Veterans Affairs Appeal Process

The Military works hard everyday to ensure our country remains safe. Unfortunately, many veterans have been injured or disabled due to their service. It is a harsh reality that there are valued veterans that struggle to provide for themselves financially.


Veterans are entitled to specific benefits provided by the government through the Department of Veterans Affairs, also know as the VA. If you are a veteran, you probably know about these specials benefits. Maybe you do not know how to go about the process to obtaining these benefits that you have earned. Perhaps you have applied for these benefits, but you have been denied.


Veterans can often be denied these Veteran Affairs benefits for a multitude of reasons. When a claim is denied, it causes frustration and confusion. If you have been denied benefits and you believe that the decision was invalid or unjust, you have the option to appeal your case.


Veteran Affairs Claims Denial

There are a couple major reasons that a claim can be denied. The Veterans Affairs office can have cause to believe that the injuries or disabilities were not caused during the veteran’s military service. If it is evident that the disability was caused during military service, the VA office may not believe that it is as severe as the veteran claims it to be. However, as a veteran, you have the right to appeal your case.


Veterans Affairs Appeal Process

The Veterans Affairs appeal process is very complex and can be confusing when you are unfamiliar with the criteria. The appeal is a request that a veteran can apply for at their local Veteran Affairs office. When you file this appeal, the office is obligated by law to thoroughly look into your claim. If the evidence is in your favor, they can then approve your claim.


Take Necessary Steps

It is important to file your claim as soon as possible from the date that you receive the letter of denial, as you have only one year from the day the letter has been sent to you to to make your appeal. There are necessary steps you will need to follow to begin the appeal process. The VA should supply you with the information regarding the process, but here are a few things that may help to get you started.


Notice of Disagreement

The veteran must begin the VA appeal process by first filing a Notice of Disagreement, or a NOD, with the Department of Veteran Affairs. The document you need to begin this is VA form 21-0958.


On this NOD form, You will state that you disagree with the denial and you would like to make an appeal. You do not need to go into any details on this form, as you may forget something that may be used against you later. You can always provide the necessary documents to back up your claim, but it is best to keep the NOD simple and provide the specific details later. You should include the following information on the NOD:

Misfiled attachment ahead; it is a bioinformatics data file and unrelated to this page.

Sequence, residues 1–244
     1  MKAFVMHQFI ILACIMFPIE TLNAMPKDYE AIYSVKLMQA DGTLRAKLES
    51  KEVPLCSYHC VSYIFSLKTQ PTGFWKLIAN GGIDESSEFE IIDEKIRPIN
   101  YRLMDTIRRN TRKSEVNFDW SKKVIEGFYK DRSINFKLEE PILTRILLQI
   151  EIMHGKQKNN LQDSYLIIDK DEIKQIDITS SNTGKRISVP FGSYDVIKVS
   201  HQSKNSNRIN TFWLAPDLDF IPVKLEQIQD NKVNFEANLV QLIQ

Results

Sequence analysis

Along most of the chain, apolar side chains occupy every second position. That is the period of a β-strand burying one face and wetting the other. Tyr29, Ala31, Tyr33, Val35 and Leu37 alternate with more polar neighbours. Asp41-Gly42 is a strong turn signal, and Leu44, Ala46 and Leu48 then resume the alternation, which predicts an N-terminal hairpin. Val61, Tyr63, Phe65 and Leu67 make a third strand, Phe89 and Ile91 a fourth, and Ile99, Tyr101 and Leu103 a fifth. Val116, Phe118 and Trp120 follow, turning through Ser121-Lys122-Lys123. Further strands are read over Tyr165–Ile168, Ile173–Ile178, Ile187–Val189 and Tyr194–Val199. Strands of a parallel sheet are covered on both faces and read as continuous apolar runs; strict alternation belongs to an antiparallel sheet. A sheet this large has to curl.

● The date of the denial letter.

● The decisions of which you disagree.

● Your intent to appeal.

Again, keep the information simple and concrete. It is good to include that you will provide further details later. This way you will have the opportunity to present all of your concerns and evidence later.


Decision Review Officer

You should be asked if you would like your appeal to be reviewed by a Decision Review Officer, or a DRO, prior to it being sent directly to the Board of Veterans’ Appeals. A DRO is a highly experience VA claims examiner who has the power to change the VA’s initial decision.


It is recommended that you have your claim reviewed by the DRO. The results should be faster. There is also a higher success rate when you have the DRO review. If the DRO denies the appeal, you will still have the option to request an appeal to the Board of Veterans’ Appeals.



The VA office will ask you to provide documentation to support your case. These documents will vary. It is beneficial for you to be informed regarding all of the necessary evidence you will need for your appeal.


The Veteran Affairs appeal process is not limited to what is found on this page. There may be additional information that will help you during your process. It is beneficial for you to seek professional legal help for assistance with your case.


The VA appeal process can be long and difficult. It is advised that you consult with an attorney. They can assist you during the entire Veteran Affairs appeal process. They are aware of all of the necessary information that you will need for your case to be successful. A lawyer has valuable experience and knowledge that they will use to help you get the benefits that you deserve.